The Living Rite column explores what you will see, hear, taste, touch or smell while at church this weekend.
As I read the Scriptures for this weekend, I felt the words moving us to pray for one another. We will hear about laying on of hands in prayer, that we (and our prayer) are a reason of hope for one another and the Spirit is our Advocate in all things.
The greatest common prayer we possess is the Mass. In its celebration, we experience little prayers — the opening and closing prayers, prayers of intercession, the prayer over the gifts, the Lord’s Prayer and the prayer after Communion — all directed to the central prayer, that of the eucharistic prayer.
In what other common ways does your parish pray outside of the Mass? Is it your parish custom to pray the rosary? Have you seen a special book in your gathering area where people can record prayer needs? Have you ever written a prayer request in this book so that the entire parish can pray on your behalf? Does your parish have a prayer line, where a particular need is passed from one person to another, who will pray for them?
Many parishes have small groups that join together for prayer. Some gather for the energy of charismatic prayer, while others prefer the meditative style of Taize. Perhaps your people gather for novenas or the Divine Mercy Chaplet.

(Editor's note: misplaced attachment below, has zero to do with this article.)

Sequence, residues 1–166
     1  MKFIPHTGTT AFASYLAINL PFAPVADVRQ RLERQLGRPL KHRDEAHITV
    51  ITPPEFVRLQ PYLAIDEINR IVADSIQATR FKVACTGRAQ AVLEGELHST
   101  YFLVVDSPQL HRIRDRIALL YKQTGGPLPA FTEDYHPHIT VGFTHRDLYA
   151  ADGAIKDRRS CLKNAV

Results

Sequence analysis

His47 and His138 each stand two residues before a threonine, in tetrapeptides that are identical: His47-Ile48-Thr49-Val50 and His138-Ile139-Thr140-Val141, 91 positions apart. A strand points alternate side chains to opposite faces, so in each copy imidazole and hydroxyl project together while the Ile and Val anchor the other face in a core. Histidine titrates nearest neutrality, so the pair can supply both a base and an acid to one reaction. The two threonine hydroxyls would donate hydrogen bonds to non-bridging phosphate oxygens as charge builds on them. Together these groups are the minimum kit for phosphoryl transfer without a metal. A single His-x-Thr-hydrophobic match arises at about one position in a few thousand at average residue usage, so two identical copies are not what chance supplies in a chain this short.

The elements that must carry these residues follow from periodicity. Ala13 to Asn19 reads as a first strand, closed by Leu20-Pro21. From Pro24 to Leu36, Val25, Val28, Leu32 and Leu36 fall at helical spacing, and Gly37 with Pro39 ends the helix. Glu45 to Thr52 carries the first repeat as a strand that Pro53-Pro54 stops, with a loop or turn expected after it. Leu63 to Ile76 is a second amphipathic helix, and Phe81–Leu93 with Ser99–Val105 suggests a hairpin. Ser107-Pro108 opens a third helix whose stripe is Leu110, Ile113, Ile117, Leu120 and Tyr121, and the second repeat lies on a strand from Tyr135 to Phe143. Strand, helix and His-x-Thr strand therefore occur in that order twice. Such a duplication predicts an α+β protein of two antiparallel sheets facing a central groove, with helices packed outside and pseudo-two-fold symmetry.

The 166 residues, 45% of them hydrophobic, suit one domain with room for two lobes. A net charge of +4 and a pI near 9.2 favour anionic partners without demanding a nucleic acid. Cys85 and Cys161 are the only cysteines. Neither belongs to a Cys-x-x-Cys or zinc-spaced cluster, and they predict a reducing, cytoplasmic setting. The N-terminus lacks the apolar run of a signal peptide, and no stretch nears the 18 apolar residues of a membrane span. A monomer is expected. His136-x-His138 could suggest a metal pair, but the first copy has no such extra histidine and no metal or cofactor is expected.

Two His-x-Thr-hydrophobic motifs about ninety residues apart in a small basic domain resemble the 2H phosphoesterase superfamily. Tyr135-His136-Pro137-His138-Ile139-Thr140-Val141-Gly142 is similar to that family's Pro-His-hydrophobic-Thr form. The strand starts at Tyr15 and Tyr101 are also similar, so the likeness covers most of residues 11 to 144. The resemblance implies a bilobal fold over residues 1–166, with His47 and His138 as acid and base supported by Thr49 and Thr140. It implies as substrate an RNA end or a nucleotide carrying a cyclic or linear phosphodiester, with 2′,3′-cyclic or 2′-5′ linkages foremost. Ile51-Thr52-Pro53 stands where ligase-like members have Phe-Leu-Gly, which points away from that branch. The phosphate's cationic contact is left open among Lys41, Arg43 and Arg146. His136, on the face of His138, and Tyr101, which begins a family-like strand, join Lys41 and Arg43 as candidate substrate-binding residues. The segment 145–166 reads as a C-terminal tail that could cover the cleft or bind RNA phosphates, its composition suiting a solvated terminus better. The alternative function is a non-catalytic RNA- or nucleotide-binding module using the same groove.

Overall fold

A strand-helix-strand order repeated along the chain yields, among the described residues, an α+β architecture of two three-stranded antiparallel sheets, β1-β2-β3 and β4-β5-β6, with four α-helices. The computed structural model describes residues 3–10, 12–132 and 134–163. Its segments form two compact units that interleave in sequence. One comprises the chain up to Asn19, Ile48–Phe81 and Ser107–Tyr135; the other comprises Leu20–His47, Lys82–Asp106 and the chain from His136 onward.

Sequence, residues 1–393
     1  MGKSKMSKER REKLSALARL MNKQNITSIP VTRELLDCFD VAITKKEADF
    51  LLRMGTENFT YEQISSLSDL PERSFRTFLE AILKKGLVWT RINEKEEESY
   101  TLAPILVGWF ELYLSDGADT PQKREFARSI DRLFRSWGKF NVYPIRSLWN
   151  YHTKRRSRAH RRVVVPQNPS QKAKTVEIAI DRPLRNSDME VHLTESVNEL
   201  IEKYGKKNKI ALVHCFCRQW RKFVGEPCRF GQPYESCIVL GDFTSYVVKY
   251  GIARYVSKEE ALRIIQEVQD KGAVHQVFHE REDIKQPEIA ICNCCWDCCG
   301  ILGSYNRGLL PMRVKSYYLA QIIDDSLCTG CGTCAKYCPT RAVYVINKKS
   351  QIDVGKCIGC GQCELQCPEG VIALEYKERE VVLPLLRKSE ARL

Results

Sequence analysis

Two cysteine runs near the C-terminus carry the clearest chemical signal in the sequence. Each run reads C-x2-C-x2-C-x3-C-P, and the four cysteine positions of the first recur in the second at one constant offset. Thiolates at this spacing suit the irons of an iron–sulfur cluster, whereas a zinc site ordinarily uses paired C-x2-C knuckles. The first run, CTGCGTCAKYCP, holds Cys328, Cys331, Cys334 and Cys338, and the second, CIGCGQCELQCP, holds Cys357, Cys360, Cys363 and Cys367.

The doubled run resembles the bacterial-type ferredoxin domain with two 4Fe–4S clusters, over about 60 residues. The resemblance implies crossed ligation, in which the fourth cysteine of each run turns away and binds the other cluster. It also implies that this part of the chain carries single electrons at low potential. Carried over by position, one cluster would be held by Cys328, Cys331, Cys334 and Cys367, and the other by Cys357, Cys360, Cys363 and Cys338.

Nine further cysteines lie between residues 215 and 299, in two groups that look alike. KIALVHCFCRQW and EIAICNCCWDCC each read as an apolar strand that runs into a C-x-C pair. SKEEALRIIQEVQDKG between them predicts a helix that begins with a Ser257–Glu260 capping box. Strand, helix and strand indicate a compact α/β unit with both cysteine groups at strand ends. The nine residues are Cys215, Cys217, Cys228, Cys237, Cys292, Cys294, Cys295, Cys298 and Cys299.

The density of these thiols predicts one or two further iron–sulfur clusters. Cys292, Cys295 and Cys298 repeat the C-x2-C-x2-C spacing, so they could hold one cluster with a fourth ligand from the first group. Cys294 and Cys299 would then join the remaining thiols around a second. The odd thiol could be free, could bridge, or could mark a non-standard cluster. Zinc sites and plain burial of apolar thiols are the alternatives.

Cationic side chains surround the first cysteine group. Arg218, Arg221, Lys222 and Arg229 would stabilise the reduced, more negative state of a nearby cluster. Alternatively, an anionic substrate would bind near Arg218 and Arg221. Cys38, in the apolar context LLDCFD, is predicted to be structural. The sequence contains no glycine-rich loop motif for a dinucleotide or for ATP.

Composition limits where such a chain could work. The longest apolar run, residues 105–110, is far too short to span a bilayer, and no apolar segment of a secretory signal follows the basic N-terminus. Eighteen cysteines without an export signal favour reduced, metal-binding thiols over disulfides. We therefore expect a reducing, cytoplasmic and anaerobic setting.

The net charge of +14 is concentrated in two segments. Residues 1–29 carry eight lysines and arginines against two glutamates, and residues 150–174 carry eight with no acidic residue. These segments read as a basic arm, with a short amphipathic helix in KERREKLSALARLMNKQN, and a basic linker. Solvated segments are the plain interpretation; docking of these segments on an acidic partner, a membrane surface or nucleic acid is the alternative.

Does your parish have prayer partners? Many Protestant churches have a highly developed prayer partner network. In the Catholic Church, you may find only one or two parishes in your area that offer prayer partners.
When I have witnessed this ministry, it usually was offered after a Mass or service. People, who had been trained in this ministry, stood in places around the church. This allowed people with a need to approach the prayer partner and have prayer offered on their behalf.
When you approach such a minister, you can offer your name if you wish, and then mention your special request. Or you can simply say, “I need prayer.”
As mentioned in the first reading, where the disciples laid hands upon the one being prayed for, a prayer partner may lightly touch your shoulder or hold your hand. You may experience a time of silence as the prayer partner waits for the Holy Spirit to lead. Then you will hear your prayer partner pray on your behalf in a voice audible only to you. The prayer may include not only your petition to God, but also thanksgiving for all that has already flowed from God’s hands.
I have found that the prayer of a prayer partner leaves me feeling blessed and encouraged by another’s prayers for me. People are encouraged to come to prayer partners as often as they need. Prayer partners commit themselves to strict confidentiality; what is shared in the time of prayer remains between you, your prayer partner and God.
The New Evangelization calls us to a deeper prayer life. Be encouraged then in the many ways your parish prays, one for another.
Zahorik is pastoral associate at Most Blessed Sacrament Parish, Oshkosh.